In untreated AML patients who are ineligible for induction chemotherapy, the ORR was 64%, with nine patients (41%) having achieving CR, three patients (14%) achieving a CR with complete blood count recovery (CRi), and one patient (5%) achieved a morphologic leukemia-free state (MLFS). Seven patients (32%) had stable disease and one (5%) had progressive disease.
All patients in the Phase Ib study received a 1 mg/kg priming dose of magrolimab, coupled with intrapatient dose escalation to mitigate on-target anemia. Patients were then treated with full doses of azacitidine and magrolimab maintenance doses of 30 mg/kg weekly.
In total, more than 400 patients have received the compound to date through clinical trials, Gilead and Forty Seven said.
Forty Seven is also carrying out ongoing studies of magrolimab in non-Hodgkin lymphoma (NHL) and solid tumors. Those include clinical and preclinical combination therapy studies being partnered with AstraZeneca, Eli Lilly, Merck KGaA, and Genentech, a member of the Roche Group.
Magrolimab has been granted Fast Track designation by the FDA in MDS and AML, and for the treatment of relapsed or refractory DLBCL and follicular lymphoma. Magrolimab has also been granted Orphan Drug designation by the FDA for the treatment of MDS and AML and by the European Medicines Agency for the treatment of AML.
In addition to magrolimab, Forty Seven is developing two additional preclinical candidates set to enter the clinic this year:
- FSI-174, an anti-cKIT antibody, is being developed in combination with magrolimab as a novel, all-antibody conditioning regimen to address the limitations of current stem cell transplantation conditioning regimens.
- FSI-189, an anti-SIRPα antibody, is being developed for the treatment of cancer, as well as certain non-oncology settings, including transplantation conditioning.
FSI-174 is expected to enter Phase 1 this quarter and FSI-189, during the second quarter, Forty Seven said January 10.
A wholly owned subsidiary of Gilead plans to launch a tender offer to acquire all outstanding shares of Forty Seven’s common stock at $95.50 per share—a 96% premium over its closing share price of $48.79 on Thursday, when Bloomberg News first reported Gilead’s buyout offer for Forty Seven.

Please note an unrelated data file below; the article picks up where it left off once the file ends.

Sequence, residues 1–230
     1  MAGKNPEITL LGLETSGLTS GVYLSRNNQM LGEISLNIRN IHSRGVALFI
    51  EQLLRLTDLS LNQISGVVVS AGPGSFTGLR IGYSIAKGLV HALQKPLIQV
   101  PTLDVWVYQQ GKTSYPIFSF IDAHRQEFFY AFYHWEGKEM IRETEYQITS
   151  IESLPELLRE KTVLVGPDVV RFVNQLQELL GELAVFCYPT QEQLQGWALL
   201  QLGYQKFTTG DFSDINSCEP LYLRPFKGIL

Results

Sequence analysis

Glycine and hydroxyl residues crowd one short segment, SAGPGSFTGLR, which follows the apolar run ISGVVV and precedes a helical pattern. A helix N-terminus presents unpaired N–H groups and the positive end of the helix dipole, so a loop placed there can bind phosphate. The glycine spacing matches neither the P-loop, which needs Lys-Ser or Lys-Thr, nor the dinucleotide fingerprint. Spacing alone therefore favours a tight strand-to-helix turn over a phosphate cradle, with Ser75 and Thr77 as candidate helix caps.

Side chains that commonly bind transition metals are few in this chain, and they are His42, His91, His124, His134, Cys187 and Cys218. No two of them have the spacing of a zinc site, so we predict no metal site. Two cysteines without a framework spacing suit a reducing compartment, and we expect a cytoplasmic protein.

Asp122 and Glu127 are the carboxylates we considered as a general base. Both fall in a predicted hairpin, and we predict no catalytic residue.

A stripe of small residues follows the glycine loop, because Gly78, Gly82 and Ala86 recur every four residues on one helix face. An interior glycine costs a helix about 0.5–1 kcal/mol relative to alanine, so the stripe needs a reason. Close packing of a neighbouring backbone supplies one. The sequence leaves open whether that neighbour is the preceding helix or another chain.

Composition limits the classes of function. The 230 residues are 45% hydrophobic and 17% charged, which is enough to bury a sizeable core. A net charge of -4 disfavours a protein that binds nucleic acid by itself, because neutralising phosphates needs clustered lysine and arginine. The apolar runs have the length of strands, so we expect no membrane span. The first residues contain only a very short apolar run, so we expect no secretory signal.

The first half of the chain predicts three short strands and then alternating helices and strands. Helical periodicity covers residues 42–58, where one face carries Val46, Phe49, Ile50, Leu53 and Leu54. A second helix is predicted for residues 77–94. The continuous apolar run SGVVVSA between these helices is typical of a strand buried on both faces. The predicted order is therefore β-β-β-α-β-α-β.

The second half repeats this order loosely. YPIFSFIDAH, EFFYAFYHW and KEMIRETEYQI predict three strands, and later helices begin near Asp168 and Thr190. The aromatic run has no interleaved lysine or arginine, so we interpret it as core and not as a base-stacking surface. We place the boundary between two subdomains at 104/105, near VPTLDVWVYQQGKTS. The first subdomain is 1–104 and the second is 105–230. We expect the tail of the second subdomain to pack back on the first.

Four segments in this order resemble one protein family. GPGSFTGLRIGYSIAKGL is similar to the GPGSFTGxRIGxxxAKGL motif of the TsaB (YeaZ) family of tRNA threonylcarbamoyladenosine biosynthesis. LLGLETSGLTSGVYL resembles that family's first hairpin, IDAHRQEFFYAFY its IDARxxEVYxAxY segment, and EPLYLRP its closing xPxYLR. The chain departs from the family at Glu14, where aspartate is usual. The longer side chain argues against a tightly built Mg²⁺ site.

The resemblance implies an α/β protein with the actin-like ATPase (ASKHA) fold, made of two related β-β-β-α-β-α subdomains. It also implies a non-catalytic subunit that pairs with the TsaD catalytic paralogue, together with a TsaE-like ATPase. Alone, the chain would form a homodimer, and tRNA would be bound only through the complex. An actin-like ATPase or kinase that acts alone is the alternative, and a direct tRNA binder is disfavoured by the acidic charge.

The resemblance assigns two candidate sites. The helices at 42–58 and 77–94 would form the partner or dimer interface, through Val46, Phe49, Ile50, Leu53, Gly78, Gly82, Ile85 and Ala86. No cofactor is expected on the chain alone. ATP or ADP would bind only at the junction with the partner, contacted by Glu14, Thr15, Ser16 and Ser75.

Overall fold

Consummation of the tender offer is subject to a minimum tender of at least a majority of outstanding Forty Seven shares plus Forty Seven shares underlying vested options, the expiration or termination of the waiting period under the Hart-Scott-Rodino Antitrust Improvements Act and other customary conditions.
After successful completion of the tender offer, Gilead plans to acquire all remaining shares not tendered in the offer through a second step merger at the tender-offer price.
Investors signaled approval of the deal in early trading, with a buying surge that sent Forty Seven’s shares up 62% as of 10:22 a.m., to $93.77.
The boards of Gilead and Forty Seven have both approved the acquisition deal, which is expected to close during the second quarter, subject to regulatory approvals and other customary closing conditions.
Forty Seven agreed to pay Gilead a $160 million “termination fee” if it calls off the acquisition to accept a superior offer, according to a regulatory filing detailing the deal.
“This is an exciting day for patients who may one day benefit from future anti-CD47 therapies and other immuno-oncology treatments based on our research and an exciting time for Forty Seven as this allows us to achieve our vision of helping patients defeat their cancer,” added Mark McCamish, MD, PhD, Forty Seven’s president and CEO.